Why You Have Repetitive Intrusive Thoughts And How To Stop Them?

Why You Have Repetitive Intrusive Thoughts And How To Stop Them?

Do you ever have thoughts that just won’t go away? Thoughts that keep popping up in your head, even when you don’t want them to? These are called repetitive intrusive thoughts, and they can be very frustrating. In this blog post, we will discuss why you have these thoughts and how to stop them from happening!

What Are Repetitive Intrusive Thoughts?

What Are Repetitive Intrusive Thoughts?Repetitive intrusive thoughts (RITs) are unwanted, involuntary thoughts that repeatedly occur in your mind. They can take the form of worries, fears, or mental images and can range from mild to severe. RITs often cause distress because you may feel powerless to stop them.

This situation seems very common and it can cause a lot of emotional suffering for those who experience them. RITs can have a huge impact on your life as they may interfere with your daily activities and relationships. For example, it is common for people with RITs to experience feelings of guilt, depression, and anxiety.

So, if you even experience them, it is important to understand what causes RITs and how to deal with them. The right time intervention and strategies can make a huge difference in managing RITs.

How Does It Look Like?

Repetitive intrusive thoughts are defined as unwanted, uncontrollable, and re-occurring thoughts that cause disruption to everyday activities. They can be anything from worries and fears to stressful situations or even morbid images that have no connection with the current situation.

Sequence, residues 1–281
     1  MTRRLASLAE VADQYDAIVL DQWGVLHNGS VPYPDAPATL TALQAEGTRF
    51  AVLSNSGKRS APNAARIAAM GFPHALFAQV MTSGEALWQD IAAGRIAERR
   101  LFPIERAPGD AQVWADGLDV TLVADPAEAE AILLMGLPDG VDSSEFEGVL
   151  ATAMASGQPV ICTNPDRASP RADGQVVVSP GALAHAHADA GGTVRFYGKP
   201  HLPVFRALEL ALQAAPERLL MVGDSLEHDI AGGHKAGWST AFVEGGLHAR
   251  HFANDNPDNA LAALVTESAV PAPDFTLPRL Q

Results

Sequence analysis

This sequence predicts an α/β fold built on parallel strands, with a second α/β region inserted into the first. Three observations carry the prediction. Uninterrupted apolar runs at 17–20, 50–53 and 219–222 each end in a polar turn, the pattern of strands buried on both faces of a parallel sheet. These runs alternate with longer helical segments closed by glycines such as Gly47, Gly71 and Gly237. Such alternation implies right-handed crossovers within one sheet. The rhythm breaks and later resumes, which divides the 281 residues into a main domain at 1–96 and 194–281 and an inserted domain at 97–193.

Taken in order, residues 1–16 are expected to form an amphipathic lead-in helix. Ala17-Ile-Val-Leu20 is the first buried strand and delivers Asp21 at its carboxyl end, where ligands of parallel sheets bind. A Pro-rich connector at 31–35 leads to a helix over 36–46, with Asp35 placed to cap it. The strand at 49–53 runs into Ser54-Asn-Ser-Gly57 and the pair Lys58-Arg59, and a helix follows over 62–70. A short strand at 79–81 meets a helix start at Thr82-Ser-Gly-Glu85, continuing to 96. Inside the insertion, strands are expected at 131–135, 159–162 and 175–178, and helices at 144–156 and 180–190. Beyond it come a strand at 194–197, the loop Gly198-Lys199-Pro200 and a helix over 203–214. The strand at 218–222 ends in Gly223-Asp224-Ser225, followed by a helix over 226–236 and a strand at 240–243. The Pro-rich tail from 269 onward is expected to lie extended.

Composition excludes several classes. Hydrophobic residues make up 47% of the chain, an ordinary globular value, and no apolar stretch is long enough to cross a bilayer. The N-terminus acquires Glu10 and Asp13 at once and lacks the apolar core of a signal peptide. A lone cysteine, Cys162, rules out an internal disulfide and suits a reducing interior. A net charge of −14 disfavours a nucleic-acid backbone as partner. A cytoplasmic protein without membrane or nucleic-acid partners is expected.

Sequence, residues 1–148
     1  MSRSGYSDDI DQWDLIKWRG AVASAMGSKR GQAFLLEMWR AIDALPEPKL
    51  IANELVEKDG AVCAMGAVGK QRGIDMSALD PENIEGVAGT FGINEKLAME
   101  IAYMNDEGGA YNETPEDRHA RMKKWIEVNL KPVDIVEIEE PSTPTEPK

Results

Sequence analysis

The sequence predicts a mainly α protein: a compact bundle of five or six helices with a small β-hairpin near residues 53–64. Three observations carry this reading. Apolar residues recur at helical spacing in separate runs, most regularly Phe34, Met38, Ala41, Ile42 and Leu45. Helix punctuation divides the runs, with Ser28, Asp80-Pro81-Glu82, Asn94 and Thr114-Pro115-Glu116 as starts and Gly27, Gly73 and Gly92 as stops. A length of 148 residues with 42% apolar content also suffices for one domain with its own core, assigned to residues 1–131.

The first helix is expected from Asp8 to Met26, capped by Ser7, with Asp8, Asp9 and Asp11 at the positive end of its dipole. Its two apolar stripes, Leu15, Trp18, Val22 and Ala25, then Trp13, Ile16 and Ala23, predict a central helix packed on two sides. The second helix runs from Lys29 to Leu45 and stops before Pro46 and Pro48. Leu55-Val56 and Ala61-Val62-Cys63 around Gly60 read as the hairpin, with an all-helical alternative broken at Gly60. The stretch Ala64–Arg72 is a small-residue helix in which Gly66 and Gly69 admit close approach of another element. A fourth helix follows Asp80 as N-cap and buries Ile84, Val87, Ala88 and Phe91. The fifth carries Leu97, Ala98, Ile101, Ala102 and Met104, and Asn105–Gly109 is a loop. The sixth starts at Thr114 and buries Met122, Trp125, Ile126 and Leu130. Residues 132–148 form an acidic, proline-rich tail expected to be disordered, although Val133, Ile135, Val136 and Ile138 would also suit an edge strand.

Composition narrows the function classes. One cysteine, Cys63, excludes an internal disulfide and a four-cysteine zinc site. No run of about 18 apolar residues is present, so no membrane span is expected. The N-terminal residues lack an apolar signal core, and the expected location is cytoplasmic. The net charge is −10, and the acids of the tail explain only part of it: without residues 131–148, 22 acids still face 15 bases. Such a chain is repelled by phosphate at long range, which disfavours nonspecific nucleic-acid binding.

It is common for these intrusive thoughts to actually increase in frequency during times of high stress or when one is feeling overwhelmed. It is important to note that having intrusive thoughts does not make you a bad person. Or mean that something is wrong with you; in fact, many people experience them without any underlying mental health issue.

Here are a few common signs that indicate someone may be experiencing intrusive thoughts:

  • Feeling like you’re going crazy due to the intensity of the thought
  • An inability to focus on anything else while the thought is present
  • Fear or anxiety associated with the thought
  • A feeling that the thought will never go away, no matter how hard you try

Overall, these are some of the most frequently reported signs that someone is dealing with repetitive intrusive thoughts. It is important to note, however, that everyone experiences intrusive thoughts differently and at different levels of intensity.

Why You Might Be Having Repetitive Intrusive Thoughts?

Why You Might Be Having Repetitive Intrusive Thoughts?Repetitive intrusive thoughts are a type of thought pattern that occurs in people with anxiety, depression, and even without any mental health disorder. It’s normal to have fleeting, random thoughts that pop into your head throughout the day.

However, repetitive intrusive thoughts tend to be persistent and disruptive to daily life. These kinds of thoughts can take many forms. Including fears of harm or danger, negative self-talk, worries about the future, and even thoughts that are violent or disturbing.

These thoughts can be caused by a range of factors. Some of the common ones are:

  • Stress – Stressful life events or overwhelming responsibilities can trigger intrusive thoughts.
  • Anxiety– People with anxiety disorders may be more likely to experience repetitive intrusive thoughts due to their heightened sensitivity and perception of potential threats.
  • Depression– Repetitive, negative thinking is a symptom of depression, which can lead to intrusive, ruminative thoughts.
  • Trauma– Those who have experienced a traumatic event may be more likely to develop intrusive thoughts related to the trauma.

In addition to these causes, there are some triggers that can make intrusive thoughts more likely. These include:

  1. Lack of sleep – When you’re tired, your mind has less control over what thoughts it allows in and believes.
  2. Substance abuse– Alcohol or drug use can impair judgment and increase anxiety, making intrusive thoughts more likely.